The Bath Cure
Health & Fitness|January 2019
The Bath Cure

The restorative effects of bathing shouldn’t be underestimated. We show you how to reap the mind and body benefits of a good soak.

Eve Boggenpoel

Whether you’ve had a tough week at the office, just come in from a chilly evening run or simply feel the need for a little TLC, sinking into a warm bath at the end of the day is the perfect way to revive your spirits. It calms the mind, soothes aching muscles and leaves you feeling relaxed, content and rejuvenated.

Of course, the therapeutic powers of bathing aren’t new. The oldest bath dates back to the third millennium BC, when bathing was a public affair. Used for spiritual purposes, the Great Bath of Mohenjo in the Indus Valley in Pakistan was believed to purify and renew the wellbeing of those who entered. The Greeks, meanwhile, installed indoor plumbing so athletes could bathe after they exercised.

But it was the Roman civilisation we have to thank for therapeutic bathing. The Roman Baths in Bath, Avon, for example, expertly channelled warm thermal springs with 43 different minerals to a network of warm and cold pools, and included areas for massage, exercise, relaxation, eating and drinking. Nowadays, with everything from hot tubs to plunge pools, plus spa treatments such as hydro massage, seaweed soaks and mineral-rich floatation tanks, when it comes to harnessing the power of water, we’re spoilt for choice. But just how can bathing help you heal?

‘Immersing yourself in warm water increases the efficiency of your heart, improves blood flow through your body, and enhances circulatory efficiency in big and small arteries,’ says Dr Bruce Becker, director of the National Aquatics and Sports Medicine Institute at Washington State University. ‘It also increases blood vessel elasticity and blood flow to peripheral musculature and central nervous system and brain.’ This means a hot dip helps nourish every cell in your body.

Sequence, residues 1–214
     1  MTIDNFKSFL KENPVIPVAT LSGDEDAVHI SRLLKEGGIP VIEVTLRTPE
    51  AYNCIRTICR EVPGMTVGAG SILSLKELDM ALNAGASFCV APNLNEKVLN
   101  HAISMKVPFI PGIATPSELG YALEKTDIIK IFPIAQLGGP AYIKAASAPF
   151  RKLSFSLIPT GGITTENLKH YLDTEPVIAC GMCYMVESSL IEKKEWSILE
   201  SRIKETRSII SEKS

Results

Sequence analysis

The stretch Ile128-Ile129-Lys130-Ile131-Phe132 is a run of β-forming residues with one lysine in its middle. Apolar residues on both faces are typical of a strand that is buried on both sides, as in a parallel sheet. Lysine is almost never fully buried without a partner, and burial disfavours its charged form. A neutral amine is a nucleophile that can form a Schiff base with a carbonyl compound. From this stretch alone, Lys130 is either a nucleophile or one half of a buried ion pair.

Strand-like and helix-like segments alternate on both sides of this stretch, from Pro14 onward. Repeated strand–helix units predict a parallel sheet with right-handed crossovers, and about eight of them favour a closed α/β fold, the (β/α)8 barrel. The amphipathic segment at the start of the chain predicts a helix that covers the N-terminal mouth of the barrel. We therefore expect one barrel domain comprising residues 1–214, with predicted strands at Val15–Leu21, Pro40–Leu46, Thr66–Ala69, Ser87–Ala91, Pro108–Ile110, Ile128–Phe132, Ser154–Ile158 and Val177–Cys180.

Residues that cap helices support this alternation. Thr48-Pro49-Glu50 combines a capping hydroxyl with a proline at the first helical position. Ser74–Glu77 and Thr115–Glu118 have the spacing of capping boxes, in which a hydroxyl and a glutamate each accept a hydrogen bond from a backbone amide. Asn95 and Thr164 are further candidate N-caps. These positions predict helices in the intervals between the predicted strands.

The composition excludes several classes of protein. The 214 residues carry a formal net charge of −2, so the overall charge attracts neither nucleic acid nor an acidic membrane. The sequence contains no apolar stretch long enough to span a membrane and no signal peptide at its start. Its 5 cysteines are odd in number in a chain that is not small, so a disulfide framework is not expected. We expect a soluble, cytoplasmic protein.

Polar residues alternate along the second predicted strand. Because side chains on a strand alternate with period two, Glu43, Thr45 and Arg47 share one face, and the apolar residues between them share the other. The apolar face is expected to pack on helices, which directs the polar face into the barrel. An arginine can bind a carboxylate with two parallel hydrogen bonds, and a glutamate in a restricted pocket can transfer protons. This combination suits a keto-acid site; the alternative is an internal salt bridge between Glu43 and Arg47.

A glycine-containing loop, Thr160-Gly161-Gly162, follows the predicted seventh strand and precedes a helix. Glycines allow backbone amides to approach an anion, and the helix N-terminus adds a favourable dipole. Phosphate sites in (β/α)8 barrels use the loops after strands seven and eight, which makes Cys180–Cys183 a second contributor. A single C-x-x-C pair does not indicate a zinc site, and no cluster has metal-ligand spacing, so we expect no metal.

Of course, you can use cold water as well as warm – think of that icy cold plunge pool next to the sauna. ‘The aim of hot/cold bathing is to optimise the conditions for healing,’ says physiotherapist Sammy Margo. ‘The difference in temperature helps increase and decrease blood flow to the area – the hot bath increases the circulation and the cold helps to reduce it. The benefits are well documented – reduced pain and swelling as well as help with inflammation control.’

But it’s not just the temperature of the water that affects your physiology; the minerals it contains have a significant impact, too. The waters at Thermae Bath Spa are rich in therapeutic elements: ‘Magnesium is effective with stress release and helps melt away tension in muscles, while sodium helps to boost and balance the blood circulation,’ says Marie Grew, assistant spa manager at Thermae Bath Spa ( ‘The water also contains calcium, which doesn’t just support bones, it also helps nerve endings, hormones and the menopause.’

But you don’t need to go far to enjoy the benefits of bathing; here’s how to recreate the experience in the privacy of your own bathroom.


Aching muscles? Dry winter skin? Stiff, painful joints? Slip into a saltwater bath and enjoy the healing benefits of a mineral-rich soak.


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January 2019